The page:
Home Stats & Services Reports and Publications LEB July 2012 Bulletin Notes

Bulletin Notes

Bulletin Notes

Bulletin Notes

Law enforcement officers are challenged daily in the performance of their duties; they face each challenge freely and unselfishly while answering the call to duty. In certain instances, their actions warrant special attention from their respective departments. The Bulletin also wants to recognize those situations that transcend the normal rigors of the law enforcement profession.

Officer Peterson
Officer Peterson

Officer Ginger Peterson of the Cheyenne, Wyoming, Police Department responded to an emergency call about a local house fire. Arriving at the scene before the fire department, she discovered flames breaching the northwest window of the home and spreading rapidly. She soon learned that occupants still were inside and, without hesitation, entered the basement apartment of the burning building. Officer Peterson woke up two women in the apartment and located a third person, all unaware of the fire above them. After rapidly escorting the three to safety, she gathered the occupants of the main floor, which consisted of two small children and their mother, and put them in her car to keep them from the cold and snowy conditions outside. Because of Officer Peterson’s quick action, all the occupants of the home escaped without injury.

Deputy Keven Rowan
Deputy Rowan

Deputy Keven Rowan of the Rockwall County, Texas, Sheriff’s Office was patrolling a reservoir area in the early morning when he noticed a vehicle in the water. It appeared the driver had maneuvered down an adjacent boat ramp. Upon closer inspection, he saw two young women trapped in the car, unable to open the doors or windows. Deputy Rowan removed his equipment belt and swam about 30 yards out to the car, where it was sinking under 10 to 12 feet of water. He used a glass-breaking device to gain entry and pulled both women out just as the vehicle fully submerged. As neither of the women could swim, Deputy Rowan carried them both to a point where his feet could touch the bottom, then helped them to safety up the nearby boat ramp.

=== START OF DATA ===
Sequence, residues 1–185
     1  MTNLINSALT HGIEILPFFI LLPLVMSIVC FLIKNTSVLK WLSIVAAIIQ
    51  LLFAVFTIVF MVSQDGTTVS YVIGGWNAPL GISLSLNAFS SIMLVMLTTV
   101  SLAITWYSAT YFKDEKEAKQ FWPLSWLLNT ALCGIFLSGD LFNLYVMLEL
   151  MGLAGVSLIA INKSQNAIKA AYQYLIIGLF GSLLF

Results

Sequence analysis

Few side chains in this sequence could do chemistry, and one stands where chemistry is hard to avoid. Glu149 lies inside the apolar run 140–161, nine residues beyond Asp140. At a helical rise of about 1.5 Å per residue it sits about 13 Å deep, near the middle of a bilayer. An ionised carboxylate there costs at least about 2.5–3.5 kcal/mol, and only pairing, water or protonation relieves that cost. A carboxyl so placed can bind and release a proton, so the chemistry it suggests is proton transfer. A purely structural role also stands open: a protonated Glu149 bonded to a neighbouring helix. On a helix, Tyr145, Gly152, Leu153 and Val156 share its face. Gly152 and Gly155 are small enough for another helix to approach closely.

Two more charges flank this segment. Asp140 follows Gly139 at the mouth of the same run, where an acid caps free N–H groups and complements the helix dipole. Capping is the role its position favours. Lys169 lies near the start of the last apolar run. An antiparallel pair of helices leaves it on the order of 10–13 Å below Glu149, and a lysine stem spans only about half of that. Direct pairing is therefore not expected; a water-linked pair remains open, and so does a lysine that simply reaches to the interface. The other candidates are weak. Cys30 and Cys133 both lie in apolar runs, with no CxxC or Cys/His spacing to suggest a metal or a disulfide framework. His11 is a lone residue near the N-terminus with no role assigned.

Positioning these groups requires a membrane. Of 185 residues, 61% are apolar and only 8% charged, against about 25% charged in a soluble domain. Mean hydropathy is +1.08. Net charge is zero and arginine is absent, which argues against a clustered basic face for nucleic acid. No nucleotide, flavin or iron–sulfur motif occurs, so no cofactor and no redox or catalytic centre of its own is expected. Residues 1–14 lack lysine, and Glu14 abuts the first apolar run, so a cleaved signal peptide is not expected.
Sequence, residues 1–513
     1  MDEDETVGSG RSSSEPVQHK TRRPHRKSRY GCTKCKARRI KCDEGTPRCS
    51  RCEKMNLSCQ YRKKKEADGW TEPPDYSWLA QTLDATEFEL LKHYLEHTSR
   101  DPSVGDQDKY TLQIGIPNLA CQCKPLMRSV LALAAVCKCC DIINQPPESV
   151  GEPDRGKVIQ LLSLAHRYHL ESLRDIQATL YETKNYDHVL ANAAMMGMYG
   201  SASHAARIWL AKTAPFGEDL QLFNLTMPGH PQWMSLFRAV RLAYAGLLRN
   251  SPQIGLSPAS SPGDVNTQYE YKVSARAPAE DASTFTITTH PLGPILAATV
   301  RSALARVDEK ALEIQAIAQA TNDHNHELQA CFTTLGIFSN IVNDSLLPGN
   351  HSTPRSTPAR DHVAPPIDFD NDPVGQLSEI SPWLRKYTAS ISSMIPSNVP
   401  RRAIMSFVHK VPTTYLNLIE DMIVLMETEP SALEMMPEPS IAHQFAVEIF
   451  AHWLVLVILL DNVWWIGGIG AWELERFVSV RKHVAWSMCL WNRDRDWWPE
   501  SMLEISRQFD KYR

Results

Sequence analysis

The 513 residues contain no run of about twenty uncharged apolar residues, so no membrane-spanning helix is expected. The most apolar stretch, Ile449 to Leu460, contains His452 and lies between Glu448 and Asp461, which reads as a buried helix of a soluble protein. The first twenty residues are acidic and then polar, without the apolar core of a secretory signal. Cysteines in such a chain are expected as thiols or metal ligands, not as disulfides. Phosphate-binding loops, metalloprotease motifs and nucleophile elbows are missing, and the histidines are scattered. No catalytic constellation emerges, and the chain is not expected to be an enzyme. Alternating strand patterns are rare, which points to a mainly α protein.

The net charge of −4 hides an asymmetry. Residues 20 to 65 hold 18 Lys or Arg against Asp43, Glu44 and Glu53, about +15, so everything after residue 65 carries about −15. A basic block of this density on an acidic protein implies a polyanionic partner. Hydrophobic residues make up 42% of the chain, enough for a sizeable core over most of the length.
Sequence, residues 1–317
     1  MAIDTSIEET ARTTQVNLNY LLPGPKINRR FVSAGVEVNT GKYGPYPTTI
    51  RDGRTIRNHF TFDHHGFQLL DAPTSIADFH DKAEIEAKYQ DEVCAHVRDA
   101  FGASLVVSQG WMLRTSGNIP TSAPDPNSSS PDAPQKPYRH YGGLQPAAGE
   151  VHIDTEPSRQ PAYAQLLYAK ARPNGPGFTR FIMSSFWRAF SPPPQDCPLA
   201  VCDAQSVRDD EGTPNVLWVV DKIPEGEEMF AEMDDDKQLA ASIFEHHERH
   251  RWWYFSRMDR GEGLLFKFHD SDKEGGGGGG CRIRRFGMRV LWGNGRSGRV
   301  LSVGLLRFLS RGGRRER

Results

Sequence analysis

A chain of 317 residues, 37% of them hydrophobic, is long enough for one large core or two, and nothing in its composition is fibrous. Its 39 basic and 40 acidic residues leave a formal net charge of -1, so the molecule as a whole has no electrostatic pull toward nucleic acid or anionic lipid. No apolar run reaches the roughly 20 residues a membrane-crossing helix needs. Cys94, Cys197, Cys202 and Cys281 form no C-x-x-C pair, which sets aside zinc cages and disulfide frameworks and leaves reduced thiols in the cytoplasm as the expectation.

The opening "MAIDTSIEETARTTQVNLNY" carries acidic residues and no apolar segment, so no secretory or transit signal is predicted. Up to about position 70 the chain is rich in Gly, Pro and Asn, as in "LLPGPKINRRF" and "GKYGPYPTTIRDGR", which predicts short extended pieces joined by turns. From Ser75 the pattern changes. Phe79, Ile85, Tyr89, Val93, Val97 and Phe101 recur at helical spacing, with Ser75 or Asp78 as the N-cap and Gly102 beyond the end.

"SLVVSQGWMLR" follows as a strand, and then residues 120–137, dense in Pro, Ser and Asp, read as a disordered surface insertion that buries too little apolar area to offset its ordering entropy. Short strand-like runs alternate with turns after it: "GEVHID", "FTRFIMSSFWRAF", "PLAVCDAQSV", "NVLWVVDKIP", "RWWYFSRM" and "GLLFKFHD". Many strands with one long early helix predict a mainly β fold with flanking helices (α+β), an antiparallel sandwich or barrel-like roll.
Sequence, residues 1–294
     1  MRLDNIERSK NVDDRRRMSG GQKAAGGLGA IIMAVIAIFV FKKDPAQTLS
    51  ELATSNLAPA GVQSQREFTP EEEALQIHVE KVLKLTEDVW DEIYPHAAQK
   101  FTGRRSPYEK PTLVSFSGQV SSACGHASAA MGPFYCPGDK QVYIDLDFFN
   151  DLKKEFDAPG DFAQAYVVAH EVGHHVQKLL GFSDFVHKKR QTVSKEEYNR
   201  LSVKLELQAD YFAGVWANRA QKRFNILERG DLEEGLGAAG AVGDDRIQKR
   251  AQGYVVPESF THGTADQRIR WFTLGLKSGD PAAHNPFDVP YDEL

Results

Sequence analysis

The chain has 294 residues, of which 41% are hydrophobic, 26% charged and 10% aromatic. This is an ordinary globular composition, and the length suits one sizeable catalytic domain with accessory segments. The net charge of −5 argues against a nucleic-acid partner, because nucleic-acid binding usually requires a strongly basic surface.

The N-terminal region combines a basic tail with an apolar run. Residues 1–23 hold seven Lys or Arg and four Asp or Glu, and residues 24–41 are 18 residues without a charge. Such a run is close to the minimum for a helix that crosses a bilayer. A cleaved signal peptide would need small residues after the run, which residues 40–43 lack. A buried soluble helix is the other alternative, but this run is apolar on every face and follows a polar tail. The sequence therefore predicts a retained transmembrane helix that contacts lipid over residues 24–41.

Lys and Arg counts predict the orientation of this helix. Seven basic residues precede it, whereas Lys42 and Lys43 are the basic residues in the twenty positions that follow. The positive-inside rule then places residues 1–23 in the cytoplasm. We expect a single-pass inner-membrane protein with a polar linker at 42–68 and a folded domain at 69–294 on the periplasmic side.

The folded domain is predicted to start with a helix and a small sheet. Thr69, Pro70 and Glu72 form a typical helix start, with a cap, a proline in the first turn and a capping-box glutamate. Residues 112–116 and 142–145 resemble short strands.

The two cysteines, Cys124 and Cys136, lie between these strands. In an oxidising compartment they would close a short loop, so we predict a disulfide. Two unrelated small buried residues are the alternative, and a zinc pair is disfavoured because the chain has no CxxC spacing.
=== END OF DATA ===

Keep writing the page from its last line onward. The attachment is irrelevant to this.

Nominations for the Bulletin Notes should be based on either the rescue of one or more citizens or arrest(s) made at unusual risk to an officer’s safety. Submissions should include a short write-up (maximum of 250 words), a separate photograph of each nominee, and a letter from the department’s ranking officer endorsing the nomination. Submissions can be mailed to the Editor, FBI Law Enforcement Bulletin, FBI Academy, Quantico, VA 22135 or e-mailed to leb@fbiacademy.edu. Some published submissions may be chosen for inclusion in the Hero Story segment of the television show “America’s Most Wanted.”

07.26.12

March 2012 LEB Table of Contents

Table of Contents
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Back to the Cover

Focus on Psychopathy

Psychopathy
An Important Forensic Concept for the 21st Century
By Paul Babiak, M.S., Ph.D.; Jorge Folino, M.D., Ph.D.; Jeffrey Hancock, Ph.D.; Robert D. Hare, Ph.D.; Matthew Logan, Ph.D., M.Ed.; Elizabeth Leon Mayer, Ph.D.; J. Reid Meloy, Ph.D.; Helinä Häkkänen-Nyholm, Ph.D.; Mary Ellen O’Toole, Ph.D.; Anthony Pinizzotto, Ph.D.; Stephen Porter, Ph.D.; Sharon Smith, Ph.D.; and Michael Woodworth, Ph.D.

Perspective
The Predator
When the Stalker Is a Psychopath
By Sharon S. Smith, Ph.D., Mary Ellen O’Toole, Ph.D., and Robert D. Hare, Ph.D.

Looking Behind the Mask
Implications for Interviewing Psychopaths
By Mary Ellen O’Toole, Ph.D.; Matt Logan, Ph.D.; and Sharon Smith, Ph.D.

Case Study
No More Bagpipes
The Threat of the Psychopath
By Matt Logan, Ph.D.

The Language of Psychopaths
New Findings and Implications for Law Enforcement
By Michael Woodworth, Ph.D.; Jeffrey Hancock, Ph.D.; Stephen Porter, Ph.D.; Robert Hare, Ph.D.; Matt Logan, Ph.D.; Mary Ellen O’Toole, Ph.D.; and Sharon Smith, Ph.D.

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